Champion for Champions: Eunice Kennedy Shriver

Today, athletes from all over the world will gather in Los Angeles, California, for the start of the 2015 Special Olympics. The games began in 1968 at Soldier Field in Chicago, Illinois. Before a crowd of less than one-hundred people, the event founder, Eunice Kennedy Shiver, marched onto the field and recited this ancient oath: “Let me win, but if I cannot win let me be brave in the attempt.” Forty-seven years later, this is still the oath of the Special Olympics, but now the games involve over 6,500 athletes with over 500,000 spectators.

Eunice Kennedy Shriver

Eunice Kennedy Shriver

As the middle daughter of Joe and Rose Kennedy, Eunice was born into a notable family of public servants. Her brothers Robert and Ted served as senators, and John became President of the United States. Eunice chose to use her power and influence to fight for the disadvantaged and powerless like her older sister Rosemary, who was born with an intellectual disability.

Today’s Special Olympics Games is a testament to a lifetime of work Shriver spent working on behalf of people like her sister. Not only did she push for policy and legislation changes for people with disabilities, but she also started a summer camp on the grounds of her Maryland home where kids with intellectual disabilities could swim, play soccer, and ride horses for no charge. Soon Camp Shriver camps blossomed all around the country. These camps and her work directly led to the development of the Special Olympics. Shriver remained an active advocated for the Special Olympics until her death in 2009.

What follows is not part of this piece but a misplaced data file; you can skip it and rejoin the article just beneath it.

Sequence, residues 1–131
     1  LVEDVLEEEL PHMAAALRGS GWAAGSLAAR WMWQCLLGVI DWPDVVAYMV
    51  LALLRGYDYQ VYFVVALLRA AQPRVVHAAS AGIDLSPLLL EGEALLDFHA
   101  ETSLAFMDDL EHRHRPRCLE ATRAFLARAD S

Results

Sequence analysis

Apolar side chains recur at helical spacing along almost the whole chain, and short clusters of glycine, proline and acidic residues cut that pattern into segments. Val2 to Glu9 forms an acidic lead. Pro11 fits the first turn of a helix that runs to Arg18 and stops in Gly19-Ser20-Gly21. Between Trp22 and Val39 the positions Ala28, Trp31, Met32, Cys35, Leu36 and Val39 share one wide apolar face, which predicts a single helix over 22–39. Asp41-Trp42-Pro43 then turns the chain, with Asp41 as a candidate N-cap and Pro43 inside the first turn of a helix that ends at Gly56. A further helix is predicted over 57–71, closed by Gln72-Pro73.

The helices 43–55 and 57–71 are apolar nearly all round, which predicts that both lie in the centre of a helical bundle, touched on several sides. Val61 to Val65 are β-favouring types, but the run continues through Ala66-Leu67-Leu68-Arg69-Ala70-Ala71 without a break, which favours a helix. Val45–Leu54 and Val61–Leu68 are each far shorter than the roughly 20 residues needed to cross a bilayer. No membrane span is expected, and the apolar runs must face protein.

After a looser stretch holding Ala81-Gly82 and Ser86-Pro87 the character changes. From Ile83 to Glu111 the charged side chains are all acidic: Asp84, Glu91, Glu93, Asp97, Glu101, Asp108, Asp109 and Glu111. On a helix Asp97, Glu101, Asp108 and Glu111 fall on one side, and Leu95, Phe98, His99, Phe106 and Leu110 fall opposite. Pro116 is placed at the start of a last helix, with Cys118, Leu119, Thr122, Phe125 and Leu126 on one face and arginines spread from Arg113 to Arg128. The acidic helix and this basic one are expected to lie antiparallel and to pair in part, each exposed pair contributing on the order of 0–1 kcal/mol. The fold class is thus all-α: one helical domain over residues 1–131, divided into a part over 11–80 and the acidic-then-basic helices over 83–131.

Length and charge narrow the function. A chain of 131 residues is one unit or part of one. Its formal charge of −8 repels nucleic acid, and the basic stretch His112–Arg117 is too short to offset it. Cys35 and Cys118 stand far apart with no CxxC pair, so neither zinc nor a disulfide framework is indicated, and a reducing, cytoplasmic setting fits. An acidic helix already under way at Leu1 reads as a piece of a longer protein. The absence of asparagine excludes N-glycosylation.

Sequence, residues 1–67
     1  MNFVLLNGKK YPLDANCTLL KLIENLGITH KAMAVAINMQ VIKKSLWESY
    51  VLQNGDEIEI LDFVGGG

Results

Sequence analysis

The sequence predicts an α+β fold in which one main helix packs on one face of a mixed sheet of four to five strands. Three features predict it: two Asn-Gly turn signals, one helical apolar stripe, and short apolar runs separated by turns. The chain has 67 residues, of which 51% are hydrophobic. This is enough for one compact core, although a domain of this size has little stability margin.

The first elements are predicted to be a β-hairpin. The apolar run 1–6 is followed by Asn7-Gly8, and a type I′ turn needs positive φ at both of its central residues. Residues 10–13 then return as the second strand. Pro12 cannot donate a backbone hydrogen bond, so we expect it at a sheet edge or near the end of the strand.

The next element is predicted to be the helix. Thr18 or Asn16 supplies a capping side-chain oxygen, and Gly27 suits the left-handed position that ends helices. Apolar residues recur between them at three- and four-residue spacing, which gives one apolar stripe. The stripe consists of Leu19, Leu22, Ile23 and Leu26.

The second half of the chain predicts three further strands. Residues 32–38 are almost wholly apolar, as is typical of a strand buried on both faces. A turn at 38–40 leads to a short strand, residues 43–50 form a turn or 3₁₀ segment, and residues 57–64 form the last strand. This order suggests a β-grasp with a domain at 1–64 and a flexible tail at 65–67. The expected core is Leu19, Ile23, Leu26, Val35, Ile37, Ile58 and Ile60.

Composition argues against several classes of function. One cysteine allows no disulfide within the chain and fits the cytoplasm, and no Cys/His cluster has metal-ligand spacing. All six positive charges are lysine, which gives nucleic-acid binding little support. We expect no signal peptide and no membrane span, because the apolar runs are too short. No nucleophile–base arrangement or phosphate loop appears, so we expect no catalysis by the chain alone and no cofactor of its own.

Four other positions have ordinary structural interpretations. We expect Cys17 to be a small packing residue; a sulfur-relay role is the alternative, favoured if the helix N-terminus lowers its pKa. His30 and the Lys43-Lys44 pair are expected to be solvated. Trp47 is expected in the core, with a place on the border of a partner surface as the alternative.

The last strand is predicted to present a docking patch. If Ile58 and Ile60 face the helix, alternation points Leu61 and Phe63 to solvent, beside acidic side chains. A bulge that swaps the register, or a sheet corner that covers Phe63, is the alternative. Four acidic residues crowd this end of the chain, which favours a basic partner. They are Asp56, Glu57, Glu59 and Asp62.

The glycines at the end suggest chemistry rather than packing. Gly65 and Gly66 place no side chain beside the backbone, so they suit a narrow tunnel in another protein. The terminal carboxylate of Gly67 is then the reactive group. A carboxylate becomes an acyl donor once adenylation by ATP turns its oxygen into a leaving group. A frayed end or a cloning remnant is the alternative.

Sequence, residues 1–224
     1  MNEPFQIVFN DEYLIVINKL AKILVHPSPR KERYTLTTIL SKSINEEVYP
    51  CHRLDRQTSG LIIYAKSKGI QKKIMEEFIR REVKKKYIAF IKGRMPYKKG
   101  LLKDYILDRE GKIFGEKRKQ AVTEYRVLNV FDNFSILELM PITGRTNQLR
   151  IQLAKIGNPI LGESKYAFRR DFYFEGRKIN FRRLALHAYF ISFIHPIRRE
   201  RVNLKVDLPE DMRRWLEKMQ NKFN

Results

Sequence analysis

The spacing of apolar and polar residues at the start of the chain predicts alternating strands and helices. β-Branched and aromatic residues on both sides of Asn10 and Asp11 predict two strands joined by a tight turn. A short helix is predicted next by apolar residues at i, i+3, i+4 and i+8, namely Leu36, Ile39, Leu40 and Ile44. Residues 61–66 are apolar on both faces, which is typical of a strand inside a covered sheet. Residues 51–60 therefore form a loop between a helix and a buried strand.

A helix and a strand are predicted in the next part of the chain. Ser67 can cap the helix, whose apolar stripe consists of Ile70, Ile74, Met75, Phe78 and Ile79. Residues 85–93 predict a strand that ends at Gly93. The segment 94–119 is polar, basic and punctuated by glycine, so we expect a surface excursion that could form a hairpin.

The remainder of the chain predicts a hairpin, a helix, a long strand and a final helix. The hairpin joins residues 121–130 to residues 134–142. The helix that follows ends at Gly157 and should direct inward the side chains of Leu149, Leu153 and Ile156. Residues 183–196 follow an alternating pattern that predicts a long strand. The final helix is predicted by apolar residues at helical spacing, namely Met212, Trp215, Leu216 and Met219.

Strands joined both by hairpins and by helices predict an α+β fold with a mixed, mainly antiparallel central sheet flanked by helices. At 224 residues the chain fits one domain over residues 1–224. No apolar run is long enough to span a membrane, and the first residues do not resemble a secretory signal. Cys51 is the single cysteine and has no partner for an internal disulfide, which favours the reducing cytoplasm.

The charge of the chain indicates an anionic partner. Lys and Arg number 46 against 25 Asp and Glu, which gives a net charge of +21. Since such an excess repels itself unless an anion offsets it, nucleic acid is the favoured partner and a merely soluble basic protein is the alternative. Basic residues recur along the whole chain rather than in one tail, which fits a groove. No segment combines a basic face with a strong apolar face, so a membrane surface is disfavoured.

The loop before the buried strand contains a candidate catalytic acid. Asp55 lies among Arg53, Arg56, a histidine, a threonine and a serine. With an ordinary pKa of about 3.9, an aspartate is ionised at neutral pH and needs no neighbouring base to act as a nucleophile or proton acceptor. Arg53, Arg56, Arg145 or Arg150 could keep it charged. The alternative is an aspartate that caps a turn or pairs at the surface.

Today’s Games is momentous for another reason. For the first time ever, cheerleaders will join the athletes bringing with them their infectious spirit to cheer on the Games. One such squad is Team Joy from Montgomery County, Maryland.

Eunice Kennedy Shriver is a historic heroine for her lifelong advocacy for people with intellectual disabilities, and cheerleaders like Team Joy are heroines in the making. Go Team Joy. We are so proud.


About Kristen LePine

KRISTEN LEPINE is the co-founder and Executive Director of Historic Heroines. An accomplished writer, educator and mother, Kristen is often inspired by history and current events. She wrote about Nellie Bly and mental health care in CRACKED POTS, a play commissioned by Theatre J in Washington DC. Currently she is working on a historical novel set in ancient Sparta. Visit her at

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